The stand-out findings of the review are as follows:
97% of the 155 studies (from Europe, North America, South America, Australia and Asia) that met the review criteria were considered to be at high risk of bias (in either direction). Of these, only 20 were specific to effects on dental caries, the other 135 related to the side effect, dental fluorosis
All studies were found to be at high risk of confounding, where any effects of fluoride from mass fluoridation of drinking water could not be separated from other factors such as sugar consumption, dietary habits, socio-economic status, ethnicity and use of either fluoride sources (e.g. rinses, gels, varnishes, floss)
No studies were found that met the inclusion criteria that evaluated the effect of water fluoridation on tooth decay in adults
While 20 pre-1975 studies on the effects of water fluoridation on tooth decay in children met the inclusion criteria, the reviewers had little confidence in their results owing to high risk of bias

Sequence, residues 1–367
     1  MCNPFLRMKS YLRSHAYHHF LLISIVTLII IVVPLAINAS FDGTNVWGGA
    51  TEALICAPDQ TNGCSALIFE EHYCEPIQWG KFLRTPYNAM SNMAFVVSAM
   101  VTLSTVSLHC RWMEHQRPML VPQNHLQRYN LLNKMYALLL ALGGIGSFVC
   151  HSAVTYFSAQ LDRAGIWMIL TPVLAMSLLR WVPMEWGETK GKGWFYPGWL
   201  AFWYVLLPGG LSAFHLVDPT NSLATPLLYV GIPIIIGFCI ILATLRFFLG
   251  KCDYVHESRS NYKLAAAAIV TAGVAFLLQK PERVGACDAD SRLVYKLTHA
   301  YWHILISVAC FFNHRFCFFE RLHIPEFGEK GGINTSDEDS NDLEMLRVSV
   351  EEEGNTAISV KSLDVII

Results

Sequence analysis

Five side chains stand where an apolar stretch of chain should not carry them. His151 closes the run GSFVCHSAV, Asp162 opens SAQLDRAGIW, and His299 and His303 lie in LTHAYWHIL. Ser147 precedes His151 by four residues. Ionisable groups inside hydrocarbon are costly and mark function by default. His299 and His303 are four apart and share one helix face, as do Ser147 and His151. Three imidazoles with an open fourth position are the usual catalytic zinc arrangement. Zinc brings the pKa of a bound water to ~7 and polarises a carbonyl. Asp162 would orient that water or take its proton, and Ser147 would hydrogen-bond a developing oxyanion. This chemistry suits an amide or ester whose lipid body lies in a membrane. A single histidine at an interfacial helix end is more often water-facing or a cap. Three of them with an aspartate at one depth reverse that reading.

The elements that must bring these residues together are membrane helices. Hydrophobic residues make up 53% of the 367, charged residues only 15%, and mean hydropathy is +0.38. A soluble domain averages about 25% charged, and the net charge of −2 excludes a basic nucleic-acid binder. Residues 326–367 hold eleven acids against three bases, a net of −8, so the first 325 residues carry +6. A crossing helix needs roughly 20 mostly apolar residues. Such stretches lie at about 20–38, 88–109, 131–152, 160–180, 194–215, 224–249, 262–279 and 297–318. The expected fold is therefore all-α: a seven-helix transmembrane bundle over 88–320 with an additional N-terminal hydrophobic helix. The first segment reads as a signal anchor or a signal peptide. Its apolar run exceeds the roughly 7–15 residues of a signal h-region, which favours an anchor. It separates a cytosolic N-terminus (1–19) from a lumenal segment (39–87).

The above-mentioned studies were considered potentially irrelevant because current lifestyles commonly include use of other fluoride-containing products such as rinses, gels and varnishes
The 135 studies relating to water fluoridation and dental fluorosis showed that even at the even at the lower end of recommended fluoridation (0.7 ppm), on average 12% of children would exhibit symptoms of dental fluorosis
The authors found no available evidence to indicate what effect stopping water fluoridation would have on tooth decay rates, despite evidence elsewhere that suggests that when fluoridation in Germany, Finland, Canada and Cuba were stopped, tooth decay rates continued to decline
Tooth decay rates are associated with socio-economic status: poorer communities generally have higher rates of decay